I first met Terry Pratchett in 1997, on his book signing tour for Feet of Clay, book number 19 in his Discworld series, in which events take place in a flat world balanced on the backs of four giant elephants which in turn stand atop a giant turtle swimming through space. Aside from this fact, the presence of magic and a proliferation of wizards, witches, trolls, dwarves, werewolves and other creatures, however, the world of the Disc is not so very different from our own. This is because the Discworld books are primarily stories about people – what they’re like, how they think, what they’re afraid of, the kinds of things they believe, the follies they fall into and the things they think they can get away with when no-one is looking.
In this sense, the Discworld can be understood as a enchanted realm in which to stage the dramas of the rather more disenchanted world with which we are all too familiar. Terry’s first rule of fantasy writing may be ‘anywhere but here, anywhen but now’, but one of the major themes of his work is that people are people through and through. Sometimes it takes a journey to the unfamiliar to help us recognise things we already know. If this is so, then Terry is a practitioner of deep magic indeed – not only can he see things that are really there, he can illuminate them for us in sudden flashes of recognition. His writing simmers with the scalding heat of the frustrated idealist, but is always steeped in the warm and faintly amused generosity of spirit of the good-humoured chronicler of human striving and frailty. As Neil Gaiman puts it, ‘anger is the engine that drives him, but it is the greatness of spirit that deploys that anger on the side of the angels’. Or perhaps the orang-utans, he goes on to add, but this is only funny if you have read any of Terry’s books.
I was introduced to the series early in high school by my then best-friend – a similarly brainy and disgruntled young misfit – and fell in love instantly with the sudden and relentless wit and wordplay, the light touch on heavy subjects, the sense of flight and possibility with which great imaginative writing crackles, and, less consciously at the time, with the firm but gentle articulation of a worldview I would now call tragic humanism.
It was exactly what I needed at the time, and I was clearly far from alone – I remember Terry saying once somewhere that his readership consisted overwhelmingly of 15-year-old boys called Kevin. Though my name wasn’t Kevin, a brief glance at my clothes and what we will generously call my hairstyle suggests it may as well have been.
What I have gradually come to appreciate, as a brainy and disgruntled 30-something misfit with degrees in social and political science and philosophy, is just how much my own worldview and way of being is in debt of Discworld and the time I have spent there. This has been much on my mind this year – when Terry was taken from the world I felt like part of me went with him. His passing left a hole that has ached vaguely but continually since. It has been too sore to touch until now, but without a doubt it is what has been driving my discomfort with the path I’ve been on, and my desire to do something different.
What could fill that hole?
Ideas sleet through space all the time, occasionally striking a mind that may or may not be equipped to deal with them. One such idea struck me a few weeks ago that I haven’t been able to dislodge since...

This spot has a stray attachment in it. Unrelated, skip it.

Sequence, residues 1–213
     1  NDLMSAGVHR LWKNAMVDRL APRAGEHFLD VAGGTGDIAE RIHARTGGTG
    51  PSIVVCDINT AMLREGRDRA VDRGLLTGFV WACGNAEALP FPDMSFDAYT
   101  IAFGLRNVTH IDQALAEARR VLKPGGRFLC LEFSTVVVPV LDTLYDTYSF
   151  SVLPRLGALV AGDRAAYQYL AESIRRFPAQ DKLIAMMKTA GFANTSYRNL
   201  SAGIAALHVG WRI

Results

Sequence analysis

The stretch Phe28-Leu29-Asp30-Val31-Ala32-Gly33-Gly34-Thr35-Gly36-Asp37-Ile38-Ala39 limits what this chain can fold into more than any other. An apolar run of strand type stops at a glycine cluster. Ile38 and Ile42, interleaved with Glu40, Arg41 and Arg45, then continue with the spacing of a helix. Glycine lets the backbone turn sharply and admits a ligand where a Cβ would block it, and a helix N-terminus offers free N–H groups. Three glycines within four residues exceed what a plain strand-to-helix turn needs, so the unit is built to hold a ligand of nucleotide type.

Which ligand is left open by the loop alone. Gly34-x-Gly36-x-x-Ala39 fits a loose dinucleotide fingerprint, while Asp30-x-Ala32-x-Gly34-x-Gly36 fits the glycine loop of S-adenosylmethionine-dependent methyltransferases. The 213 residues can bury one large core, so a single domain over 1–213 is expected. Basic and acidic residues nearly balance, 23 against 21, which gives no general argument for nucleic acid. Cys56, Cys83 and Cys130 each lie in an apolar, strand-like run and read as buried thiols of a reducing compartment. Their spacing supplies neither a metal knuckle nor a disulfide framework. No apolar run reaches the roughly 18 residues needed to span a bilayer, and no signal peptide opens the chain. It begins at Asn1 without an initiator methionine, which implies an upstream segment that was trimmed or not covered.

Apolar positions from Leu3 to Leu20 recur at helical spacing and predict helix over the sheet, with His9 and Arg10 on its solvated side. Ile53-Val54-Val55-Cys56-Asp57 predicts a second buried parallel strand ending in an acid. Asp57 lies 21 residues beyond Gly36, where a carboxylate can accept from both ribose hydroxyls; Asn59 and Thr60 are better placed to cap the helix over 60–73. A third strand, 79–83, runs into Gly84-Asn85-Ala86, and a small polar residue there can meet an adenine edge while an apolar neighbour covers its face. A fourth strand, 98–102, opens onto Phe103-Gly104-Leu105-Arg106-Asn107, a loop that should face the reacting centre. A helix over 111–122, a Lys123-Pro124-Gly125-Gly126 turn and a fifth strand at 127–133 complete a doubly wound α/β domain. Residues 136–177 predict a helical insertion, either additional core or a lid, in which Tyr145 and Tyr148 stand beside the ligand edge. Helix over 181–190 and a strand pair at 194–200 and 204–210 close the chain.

What if I went back to Discworld?
To the very beginning. What would I find? I haven’t read some of these stories in well over a decade – would I fall in love all over again? Would I find flashes of fresh recognition among cherished friends, or would the expedition reveal little more than a frayed and fading nostalgia?
I don’t know. But I’d like to revisit the books, and have a conversation with them. I used to write the occasional email to Terry, to which he would belatedly but unfailingly reply. At his book signings I would ask stupid and inane questions in the flushed and hopelessly tongue-tied manner of the tragic fan. He would always respond with good humour. It makes me terribly terribly sad to think that such purposeless exchanges are no longer possible. He spoke so much to me through his work, and it feels like so much was left unsaid.
I have been looking for an outlet for my writing for a while. Something that knows how to be serious but knows not to take itself too seriously. Something about people – what they’re like, how they think, what they’re afraid of, the kinds of things they believe, the follies they fall into and the things they think they can get away with when no-one is looking. Something that talks about what you get when you throw people together with all their differences and commonalities and see what happens – what I call politics.
These are the things I like to think and talk about. My writing is conversational because more than anything else, I want what I’ve always wanted – someone to think and talk about it with.
I can’t talk to Terry any more, but I can have a conversation with his books. I’m not sure whether it will a conversation that is interesting to anybody else, but I know that Terry’s books were magical to many other people too, and I hope I can rediscover the shape and the colour of that magic and use it to cast a few flashes of recognition of my own.
The publisher has put out a series of beautiful hardback editions, and the first book is called, appropriately enough, The Colour of Magic. It arrived on my desk a few days ago and I am very excited about opening it and jumping in.
Let’s talk soon. Meanwhile, if this sounds interesting to you, do please let me know.